Bedford Fields



_DSF9891iiJust a couple of miles from Leeds city centre, tucked away behind the houses of the Hyde Park/Woodhouse area and alongside Leeds City Academy, lies a small plot of enchanting forest. Its Bedford Fields Community Forest Garden.

The land is owned by Leeds City Council but some inspired people have negotiated the right to convert it into a forest garden for the benefit of the Hyde Park and Woodhouse community….and anyone else who is interested. The project is currently led by Joanna and Ben, and like many of these things it has some funding to support development but is largely a labour of love from them and an army of volunteers.

Forest gardening, for those who like me just 12 months ago thought it was a strange acronym, is about cultivating a garden to behave like a forest – trees, life in the soil, easy to maintain and producing a varied yield of produce for the benefit people and wildlife. Pretty much a cultivated foraging space!

Bedford Fields Community Forest Garden is about an acre of land in total, so relatively small but has over 80 species of edible plants and a mixed species hedge provides for a wildlife corridor radially leading out of Leeds and across neighbouring Woodhouse ridge. Its completely open access and in addition to its cultivated produce, aims to educate people on how forest gardening can be a viable alternative to food production, and resilient to climactic and social change.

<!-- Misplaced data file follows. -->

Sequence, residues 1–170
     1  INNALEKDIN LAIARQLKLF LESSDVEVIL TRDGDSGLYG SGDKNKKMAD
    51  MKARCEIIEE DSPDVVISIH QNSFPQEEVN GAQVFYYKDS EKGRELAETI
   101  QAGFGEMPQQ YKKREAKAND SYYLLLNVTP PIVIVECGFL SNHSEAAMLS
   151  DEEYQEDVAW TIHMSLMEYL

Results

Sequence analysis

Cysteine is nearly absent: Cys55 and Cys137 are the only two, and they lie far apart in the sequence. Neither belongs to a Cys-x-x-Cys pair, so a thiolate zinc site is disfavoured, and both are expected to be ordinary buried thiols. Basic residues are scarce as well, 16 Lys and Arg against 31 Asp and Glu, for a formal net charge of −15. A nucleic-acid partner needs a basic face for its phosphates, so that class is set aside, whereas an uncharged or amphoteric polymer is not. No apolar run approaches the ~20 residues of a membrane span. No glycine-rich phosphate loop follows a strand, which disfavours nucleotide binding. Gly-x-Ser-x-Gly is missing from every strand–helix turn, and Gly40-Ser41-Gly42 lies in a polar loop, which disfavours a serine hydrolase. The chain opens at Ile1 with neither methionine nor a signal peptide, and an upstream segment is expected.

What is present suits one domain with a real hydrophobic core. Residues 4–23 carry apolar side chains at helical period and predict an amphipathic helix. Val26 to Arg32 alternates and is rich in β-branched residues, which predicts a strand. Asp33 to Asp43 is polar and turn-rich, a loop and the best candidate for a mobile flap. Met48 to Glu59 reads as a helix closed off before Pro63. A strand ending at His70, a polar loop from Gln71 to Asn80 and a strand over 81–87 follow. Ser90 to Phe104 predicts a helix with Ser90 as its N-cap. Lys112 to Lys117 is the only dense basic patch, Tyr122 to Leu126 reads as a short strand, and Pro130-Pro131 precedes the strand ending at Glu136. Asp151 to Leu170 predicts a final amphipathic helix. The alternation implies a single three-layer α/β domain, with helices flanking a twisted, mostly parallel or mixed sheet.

I was there when two big hugelkultur beds were being dug and filled – 11 metres by 2 metres worth in total – along with the foundations being created for the ‘Bedford Shed’, a converted shipping container which would follow a few days later and destined to be site shelter, classroom and hub. I think it would be fair to that there was as much ‘digging deep’ mentally as there was physically. It was a hard day! With the odd squally shower thrown in it was volunteering at its most impressive.

This space was to become a regularly visited location for me as the year progressed. In its contradictions and its charm it is a mesmerising place, one of Leeds’ hidden gems.


To learn more about Bedford Fields and to see the latest volunteer work days see the the Bedford Fields website or the Facebook page.

If hugelkultur is a new word to you, there is explanation here or here


[Double clicking on any of the images below will open up that image up in a slideshow format. You can then run the slide show using ‘left’ and ‘right’ buttons.  Personally I prefer to go also to full screen having opened the slide show – F11 on my PC, don’t forget to get out of full screen is the same button , not ESC!]




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